rickets and osteomalacia Dystrophy
inherited Dystrophy Muscular dystrophies
usually in sheep and dogs Neuroaxonal dystrophies
Bone resorption and replacement with fibrous tissue renal fibrous osteodystrophy (canine)
literally means new growth Neoplasia
grow without control of normal laws of growth Neoplasia
have no orderly structural arrangement Neoplasia
Serve no useful function Neoplasia
resemble to cells from which arose Neoplasia
have no clear etiology Neoplasia
any kind of swelling, but now the term is used to neoplastic swelling tumor
all do not exhibit swellings tumors
In latin means ‘crab’ and carcinoma in Greek; Karkinos means ‘crab’. Grossly a few infiltrating tumors somewhat looks like a‘crab Cancer
Cancer Malignant Tumor
Ability to invade locally and destroyAbility to spread Malignant
study of TUMORS Oncology
Nomenclature of tumors Classified on two bases
two bases of tumor classification Histogenesis- tissue or cell type, Behavior (growth character, invasion/infiltration, metastasis, clinical effects)
carry a suffix -oma Benign
a suffix- carcinoma for epithelial tissue Malignant
a suffix-sarcoma for mesenchymal tissue Malignant
a suffix-sarcoma for mesenchymal tissue
a suffix- carcinoma for epithelial tissue
glandular, squamous, transitional Types of epithelium and associated malignancies
mammary gland adenoma/adenocarcinoma glandular
mammary gland adenoma/adenocarcinoma
squamous skin,esophagus papilloma/squamous cell carci
transitional urinary bladder papilloma/ transitional cell carci
Carcinoma may develop from epithelium derived from any germ layer
sweat gland carcinoma Ectoderm
intestinal carcinoma, pancreatic carcinoma Endoderm
renal carcinoma Mesoderm
More than one neoplastic cell type from one or more germ layers Mixed tumors
arises from cells normally found in the tissue Mixed tumors
Examples: Mixed mammary gland tumor, mixed salivary gland tumor; composed of epithelial and myoepithelial cells Mixed tumors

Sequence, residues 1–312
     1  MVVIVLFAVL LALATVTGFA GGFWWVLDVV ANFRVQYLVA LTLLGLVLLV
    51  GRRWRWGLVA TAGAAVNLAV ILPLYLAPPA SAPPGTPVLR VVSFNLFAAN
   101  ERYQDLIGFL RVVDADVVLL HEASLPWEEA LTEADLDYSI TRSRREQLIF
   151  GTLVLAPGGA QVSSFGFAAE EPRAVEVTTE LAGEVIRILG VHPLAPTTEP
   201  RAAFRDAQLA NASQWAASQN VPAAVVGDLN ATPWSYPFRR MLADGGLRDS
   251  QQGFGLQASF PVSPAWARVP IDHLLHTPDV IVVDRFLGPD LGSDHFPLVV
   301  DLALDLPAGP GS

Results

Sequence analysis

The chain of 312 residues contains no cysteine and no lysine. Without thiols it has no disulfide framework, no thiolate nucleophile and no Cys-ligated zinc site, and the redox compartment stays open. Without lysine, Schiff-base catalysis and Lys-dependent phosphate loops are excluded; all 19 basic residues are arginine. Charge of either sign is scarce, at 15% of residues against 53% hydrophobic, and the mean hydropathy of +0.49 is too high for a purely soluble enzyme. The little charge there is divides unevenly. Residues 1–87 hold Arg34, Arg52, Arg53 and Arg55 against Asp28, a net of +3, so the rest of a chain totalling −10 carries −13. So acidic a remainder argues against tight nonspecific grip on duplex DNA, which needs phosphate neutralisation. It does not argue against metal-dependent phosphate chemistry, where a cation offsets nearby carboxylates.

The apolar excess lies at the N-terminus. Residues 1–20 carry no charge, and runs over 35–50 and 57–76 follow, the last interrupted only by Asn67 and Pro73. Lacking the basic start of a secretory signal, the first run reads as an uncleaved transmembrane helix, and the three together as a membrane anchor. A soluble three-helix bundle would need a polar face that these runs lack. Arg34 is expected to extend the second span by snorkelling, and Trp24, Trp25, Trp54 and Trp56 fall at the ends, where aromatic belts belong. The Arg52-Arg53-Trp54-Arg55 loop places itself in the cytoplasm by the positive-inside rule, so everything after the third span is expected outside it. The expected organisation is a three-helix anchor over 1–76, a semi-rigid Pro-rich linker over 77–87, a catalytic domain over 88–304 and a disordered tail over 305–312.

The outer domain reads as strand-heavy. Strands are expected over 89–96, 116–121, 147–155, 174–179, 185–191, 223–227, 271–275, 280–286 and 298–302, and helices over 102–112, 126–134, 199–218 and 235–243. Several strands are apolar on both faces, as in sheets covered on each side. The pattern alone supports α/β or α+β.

Can be benign or malignant Mixed tumors
May contain bone and cartilage in addition to neoplastic epithelial cells, but if present ,the bone and cartilage are a result of metaplasia of myoepithelial cells and are not neoplastic cells mixed tumor
Neoplastic tissue type present are foreign to the tissue in which they arise Teratomas
Multiple neoplastic tissues from more than one germ layer Teratomas
Can be benign or malignant Teratomas
When tumor cells not resemble to parent tissue Anaplasia
have wide spectrum of differentiation Malignant tumors
poorly differentiated Anaplastic
Degree of differentiation CAN indicate degree of malignancy
Anaplastic carcinoma Of thyroid bizarre giant, multinucleated cells
A disorganized mass growing from the nerve tissue usually after trauma or amputation (docking in dogs, neurectomy surgery in horses). Neuroma
Hyperplastic mass of tissue as a result of anomalous development Hamartoma
It is not tumor but resembles tumor Hamartoma
It is usually seen in ovary, lung and skin. Hamartoma
benign differentiation good
malignant differentiation variable
benign loss of polarity not much
malignant loss of polarity more
benign pleomorphism- cell not much
malignant pleomorphism- cell extreme
benign pleomorphism-nuclei not much
malignat pleomorphism-nuclei extreme
exceptions to mitotic figures bone marrow, hyperplastic tissue
slow with few exceptions benign Growth rate
expansion space occupying lesion benign Growth type
never occurs benign Metastasis
dangerous benign Clinical effects
variable often rapid malignant Growth rate
infiltration,invasion malignant Growth type
common malignant Metastasis
dangerous malignant Clinical effects
Often corresponds to degree of differentiation Growth Rate
tend to grow more rapidly poorly differentiated tumors
can grow rapidly at times Papilloma of mouth of dog
poorly differentiated tumors tend to grow more rapidly exceptions Papilloma of mouth of dog can grow rapidly at times and Hormone dependent mammary tumors in bitch
Often encapsulated, Often freely movable benign
Frequently invade locally, Potential for metastasize malignant
is spread and growth of tumor in distant organ away from original site Metastasis
Metastasis Such growth is also called secondary tumor